Type: Trad, 180 ft
FA: John Sykes and Mike Lee
Page Views: 1,209 total · 18/month
Shared By: Greg Kuchyt on Aug 24, 2013
Admins: Luc-514, Kris Fiore

You & This Route

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This route provides a "well-protected" intro to the style of climbing at Marshfield. I use quotes around well-protected because the hardest parts of this route are well protected, however there are sections with significant space between protection, albeit on easier terrain. A fledgling 5.8 leader would probably not be happy on this route.

Climb shallow dirty cracks in a shallow left facing corner to a couple bolts. Climb a left-facing flake to a bolt and then follow bolts up the slab to a sloping ledge and a point where you might ask yourself "Where is the next bolt?". Climb up and slightly left through some lichen covered overlaps with juggy features and you'll pass a couple more bolts until you come to a steep slab with two bolts. Climb this (crux) and then step left into a left-facing flake system that leads to a small ledge and a fixed anchor.


Start: At the right side of the series of blocks leaning against the cliff. Look for a few shallow cracks and a low bolt.
Descent: Double rope rappel from the fixed anchor


Rack: A dozen draws (mix of trad draws and regular) single rack to .75 there are something like 7 or 8 bolts, can't remember.


Derek Doucet
Derek Doucet  
P1 is a fine, quick way to round out a day of Marshfield cragging. I haven't ventured any higher, so my comments only pertain to the first 150' of the route which offers high quality "flab" climbing: It's not really slab as there are no real friction moves, but it's pretty low-angle to be called face climbing. So, "face" combined with "slab"= "flab".

In any event, nice rock, nice position, and well protected as low angle ground-up routes go. The sharp left turn after the first grassy ledge is odd and uncharacteristically run out (several excellent drilling stances were passed by) on terrain that is very similar to the more tightly bolted rock below, but it doesn't really detract from the over all experience.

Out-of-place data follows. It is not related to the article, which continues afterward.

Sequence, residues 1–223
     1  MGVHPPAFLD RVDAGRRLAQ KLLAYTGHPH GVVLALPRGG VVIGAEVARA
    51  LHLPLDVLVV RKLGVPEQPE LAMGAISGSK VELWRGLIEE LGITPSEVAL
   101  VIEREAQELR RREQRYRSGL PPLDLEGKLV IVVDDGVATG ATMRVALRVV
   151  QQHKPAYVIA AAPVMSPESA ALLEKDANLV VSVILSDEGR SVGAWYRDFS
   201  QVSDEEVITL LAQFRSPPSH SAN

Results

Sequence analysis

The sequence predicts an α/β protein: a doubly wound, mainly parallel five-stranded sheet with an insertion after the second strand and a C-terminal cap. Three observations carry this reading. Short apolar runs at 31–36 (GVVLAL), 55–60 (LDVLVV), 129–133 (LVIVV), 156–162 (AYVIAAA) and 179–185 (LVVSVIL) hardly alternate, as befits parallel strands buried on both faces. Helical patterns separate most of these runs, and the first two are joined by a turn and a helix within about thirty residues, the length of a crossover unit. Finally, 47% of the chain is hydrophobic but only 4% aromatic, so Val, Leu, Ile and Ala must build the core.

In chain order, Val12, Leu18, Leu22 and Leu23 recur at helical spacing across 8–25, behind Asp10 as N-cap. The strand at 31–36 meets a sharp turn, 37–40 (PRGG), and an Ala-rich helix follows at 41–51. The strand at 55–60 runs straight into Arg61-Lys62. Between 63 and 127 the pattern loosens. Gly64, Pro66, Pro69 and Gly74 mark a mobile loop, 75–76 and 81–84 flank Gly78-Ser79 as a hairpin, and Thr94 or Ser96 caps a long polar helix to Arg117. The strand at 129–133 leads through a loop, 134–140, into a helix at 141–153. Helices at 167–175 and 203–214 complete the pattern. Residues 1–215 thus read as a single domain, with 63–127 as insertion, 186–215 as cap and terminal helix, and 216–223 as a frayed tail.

For a comparison, it's reminiscent of Catharis at Poko, but cleaner and more sustained. Enjoy! Sep 24, 2013
I climbed at Marshfield Ledges around the summers of '99-00. I remember climbing a route roughly in the middle of the cliff that matches the description of Requiem pretty well. Although I remember there were a couple of pins on the route. I climbed it twice and always topped out which was exciting as there was a long finger shaped block in the summit overhang which one had to approach from directly underneath. I was able to place gear in a crack at the left end of the block, and then climb above without stepping on the block. It was that kind of situation.
Above this, the final holds at the topout were a small sidepull for the left hand and a crimp at arms reach for the right. "Yard on it" was the term that we used to describe the move preceding the final mantle.
I suspect that the block is gone by now. If anyone has climbed this in recent years and topped out, I'd be curious to hear about it.
YOu may still find a cord with rings tied around a small tree at the top.

One day we climbed another route that ended high on the right end of the cliff. The first pitch was unmemorable but clean, the second was a complete bushwack traverse. The third pitch was a tall left facing corner high up on the right side of the cliff face. There was a very nice crack in the corner ranging from fingers to thin hands with a couple of flaring sections. There were decent feet on the left wall until there weren't. This coincided with a reachy move where the crack momentarily pinched out. I tried a few times but was a bit fired from the horrendous bushwack on the 2nd pitch. So I clipped a piece with a sling and stood in it like and aider and got passed this section.

Sadly I never went back to get it free. If anyone has more info on this one, let me know. Aug 1, 2014
Derek Doucet
Derek Doucet  
Your description of a tall left facing corner high on the right side of the cliff sounds like the final pitch of what is now Marshfield Corners. It's a superb pitch for sure. Aug 4, 2014